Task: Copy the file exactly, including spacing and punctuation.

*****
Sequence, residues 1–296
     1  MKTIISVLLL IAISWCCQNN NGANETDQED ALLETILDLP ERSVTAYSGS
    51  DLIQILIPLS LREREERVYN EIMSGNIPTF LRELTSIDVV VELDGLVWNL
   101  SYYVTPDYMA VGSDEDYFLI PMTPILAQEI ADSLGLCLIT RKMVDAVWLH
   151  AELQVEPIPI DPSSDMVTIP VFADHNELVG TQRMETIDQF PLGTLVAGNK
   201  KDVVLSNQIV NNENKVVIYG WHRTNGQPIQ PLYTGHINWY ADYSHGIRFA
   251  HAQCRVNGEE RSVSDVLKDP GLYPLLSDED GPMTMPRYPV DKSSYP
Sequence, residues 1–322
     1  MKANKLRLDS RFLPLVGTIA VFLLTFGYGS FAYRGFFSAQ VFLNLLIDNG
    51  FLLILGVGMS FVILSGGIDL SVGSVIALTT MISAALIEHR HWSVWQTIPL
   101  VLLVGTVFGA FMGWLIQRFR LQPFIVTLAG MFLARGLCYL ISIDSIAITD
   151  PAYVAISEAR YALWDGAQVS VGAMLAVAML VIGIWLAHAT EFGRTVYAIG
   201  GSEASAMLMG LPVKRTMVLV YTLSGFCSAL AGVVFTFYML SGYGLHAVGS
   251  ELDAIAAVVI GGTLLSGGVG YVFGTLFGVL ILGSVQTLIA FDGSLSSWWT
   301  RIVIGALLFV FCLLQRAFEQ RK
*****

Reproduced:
Sequence, residues 1–296
     1  MKTIISVLLL IAISWCCQNN NGANETDQED ALLETILDLP ERSVTAYSGS
    51  DLIQILIPLS LREREERVYN EIMSGNIPTF LRELTSIDVV VELDGLVWNL
   101  SYYVTPDYMA VGSDEDYFLI PMTPILAQEI ADSLGLCLIT RKMVDAVWLH
   151  AELQVEPIPI DPSSDMVTIP VFADHNELVG TQRMETIDQF PLGTLVAGNK
   201  KDVVLSNQIV NNENKVVIYG WHRTNGQPIQ PLYTGHINWY ADYSHGIRFA
   251  HAQCRVNGEE RSVSDVLKDP GLYPLLSDED GPMTMPRYPV DKSSYP
Sequence, residues 1–322
     1  MKANKLRLDS RFLPLVGTIA VFLLTFGYGS FAYRGFFSAQ VFLNLLIDNG
    51  FLLILGVGMS FVILSGGIDL SVGSVIALTT MISAALIEHR HWSVWQTIPL
   101  VLLVGTVFGA FMGWLIQRFR LQPFIVTLAG MFLARGLCYL ISIDSIAITD
   151  PAYVAISEAR YALWDGAQVS VGAMLAVAML VIGIWLAHAT EFGRTVYAIG
   201  GSEASAMLMG LPVKRTMVLV YTLSGFCSAL AGVVFTFYML SGYGLHAVGS
   251  ELDAIAAVVI GGTLLSGGVG YVFGTLFGVL ILGSVQTLIA FDGSLSSWWT
   301  RIVIGALLFV FCLLQRAFEQ RK